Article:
It is not true that small teams equipped with Cosworth engines next year will enjoy an unfair technical advantage.

It is not true that small teams equipped with Cosworth engines next year will enjoy an unfair technical advantage.

That is the insistence of Williams' Patrick Head, amid a recent controversy between FOTA teams and the FIA about formula one's mandatory 18,000rpm rev limit.

The FIA is proposing that, with Cosworth returning to F1 in 2010 as a supplier of cut-price engines to independent teams, the British engine maker be allowed to run with unlimited revs.

Cosworth last raced in F1 with Williams in 2006, when its 2.4 litre V8 on occasion surpassed the 20,000rpm barrier.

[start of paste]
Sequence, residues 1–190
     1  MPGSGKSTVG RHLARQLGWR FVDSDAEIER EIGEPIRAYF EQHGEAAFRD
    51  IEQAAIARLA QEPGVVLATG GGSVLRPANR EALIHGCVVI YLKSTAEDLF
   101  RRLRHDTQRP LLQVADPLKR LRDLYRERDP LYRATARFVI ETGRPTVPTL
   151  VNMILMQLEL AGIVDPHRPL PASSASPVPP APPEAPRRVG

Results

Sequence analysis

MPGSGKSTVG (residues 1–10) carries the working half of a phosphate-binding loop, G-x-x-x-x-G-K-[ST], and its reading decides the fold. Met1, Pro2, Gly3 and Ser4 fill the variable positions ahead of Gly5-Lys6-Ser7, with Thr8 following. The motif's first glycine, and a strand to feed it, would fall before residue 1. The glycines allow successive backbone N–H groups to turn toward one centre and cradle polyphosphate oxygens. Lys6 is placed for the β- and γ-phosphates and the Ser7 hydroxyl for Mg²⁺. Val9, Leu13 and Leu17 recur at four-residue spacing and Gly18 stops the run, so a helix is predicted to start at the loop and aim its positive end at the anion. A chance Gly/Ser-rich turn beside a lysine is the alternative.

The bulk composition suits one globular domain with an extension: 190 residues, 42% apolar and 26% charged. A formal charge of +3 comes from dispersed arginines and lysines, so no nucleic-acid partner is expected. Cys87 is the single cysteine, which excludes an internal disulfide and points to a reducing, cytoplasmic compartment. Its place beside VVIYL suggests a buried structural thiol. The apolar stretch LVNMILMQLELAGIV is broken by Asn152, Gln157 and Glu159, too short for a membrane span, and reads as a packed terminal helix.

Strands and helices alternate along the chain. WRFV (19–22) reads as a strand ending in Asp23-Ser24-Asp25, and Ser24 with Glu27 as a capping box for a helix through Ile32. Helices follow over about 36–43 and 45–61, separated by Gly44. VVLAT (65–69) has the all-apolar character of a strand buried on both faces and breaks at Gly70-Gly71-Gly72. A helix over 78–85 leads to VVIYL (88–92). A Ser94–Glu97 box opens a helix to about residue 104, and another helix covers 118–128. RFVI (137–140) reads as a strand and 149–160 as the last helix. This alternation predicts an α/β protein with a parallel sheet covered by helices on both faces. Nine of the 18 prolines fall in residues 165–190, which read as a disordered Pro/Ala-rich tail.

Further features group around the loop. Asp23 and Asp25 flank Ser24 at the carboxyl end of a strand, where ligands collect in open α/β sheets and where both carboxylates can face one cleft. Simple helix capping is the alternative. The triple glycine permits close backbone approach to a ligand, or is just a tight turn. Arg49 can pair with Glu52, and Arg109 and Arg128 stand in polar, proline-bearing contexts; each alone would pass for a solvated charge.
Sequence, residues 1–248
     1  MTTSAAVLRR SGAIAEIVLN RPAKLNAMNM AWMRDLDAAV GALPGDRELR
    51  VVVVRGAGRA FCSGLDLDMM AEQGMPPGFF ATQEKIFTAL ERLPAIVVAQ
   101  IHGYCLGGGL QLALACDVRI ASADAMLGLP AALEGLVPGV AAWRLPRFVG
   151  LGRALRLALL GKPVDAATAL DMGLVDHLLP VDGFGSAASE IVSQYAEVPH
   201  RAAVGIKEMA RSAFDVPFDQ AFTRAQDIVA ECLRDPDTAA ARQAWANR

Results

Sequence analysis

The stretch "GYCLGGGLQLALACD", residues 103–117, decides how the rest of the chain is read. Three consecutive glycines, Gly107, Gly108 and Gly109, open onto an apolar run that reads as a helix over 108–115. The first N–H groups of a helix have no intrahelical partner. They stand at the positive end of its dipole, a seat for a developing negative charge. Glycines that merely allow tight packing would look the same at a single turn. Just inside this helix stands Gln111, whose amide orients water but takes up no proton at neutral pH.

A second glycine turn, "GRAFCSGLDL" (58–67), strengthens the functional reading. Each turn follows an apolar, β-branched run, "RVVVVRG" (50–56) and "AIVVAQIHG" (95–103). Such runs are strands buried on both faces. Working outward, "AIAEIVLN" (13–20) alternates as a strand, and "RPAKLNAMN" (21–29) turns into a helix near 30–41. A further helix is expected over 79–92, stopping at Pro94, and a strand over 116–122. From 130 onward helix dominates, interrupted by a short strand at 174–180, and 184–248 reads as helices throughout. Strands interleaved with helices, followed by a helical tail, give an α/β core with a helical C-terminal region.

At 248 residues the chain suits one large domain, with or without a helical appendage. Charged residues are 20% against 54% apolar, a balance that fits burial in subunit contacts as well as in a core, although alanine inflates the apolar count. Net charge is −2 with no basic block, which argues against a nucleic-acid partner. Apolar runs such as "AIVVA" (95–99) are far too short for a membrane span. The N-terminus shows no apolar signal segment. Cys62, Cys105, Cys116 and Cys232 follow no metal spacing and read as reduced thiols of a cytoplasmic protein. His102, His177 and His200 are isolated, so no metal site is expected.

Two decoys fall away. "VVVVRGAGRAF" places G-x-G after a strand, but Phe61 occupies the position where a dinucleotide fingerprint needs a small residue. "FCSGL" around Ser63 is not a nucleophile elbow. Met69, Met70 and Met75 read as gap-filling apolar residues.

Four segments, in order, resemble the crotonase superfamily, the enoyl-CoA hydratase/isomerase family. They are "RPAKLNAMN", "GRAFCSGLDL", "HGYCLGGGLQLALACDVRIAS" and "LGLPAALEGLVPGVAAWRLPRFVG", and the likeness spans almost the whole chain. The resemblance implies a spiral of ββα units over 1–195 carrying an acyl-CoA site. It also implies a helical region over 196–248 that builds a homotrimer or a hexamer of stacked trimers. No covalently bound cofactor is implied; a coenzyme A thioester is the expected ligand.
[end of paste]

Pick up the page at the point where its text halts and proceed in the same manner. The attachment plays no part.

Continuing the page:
But while a 2,000rpm bonus might seem like a huge advantage for new entrants US F1, Campos and Manor next year, Head insists other drawbacks of the Cosworth will more than offset the benefit.

The Briton insists F1's FOTA teams should have "no fear" of the four-year-old Cosworth, while FIA president Max Mosley worries that with a rev-limit, the engine will be sorely off the pace.

"The (2006) Cosworth engine uses clearly more fuel than the current engines," Head is quoted as saying by Auto Motor und Sport. "The cars will have to carry 15 kilograms more (fuel) for a race distance.

"That means half a second on the lap time and higher tyre wear," he added.

 

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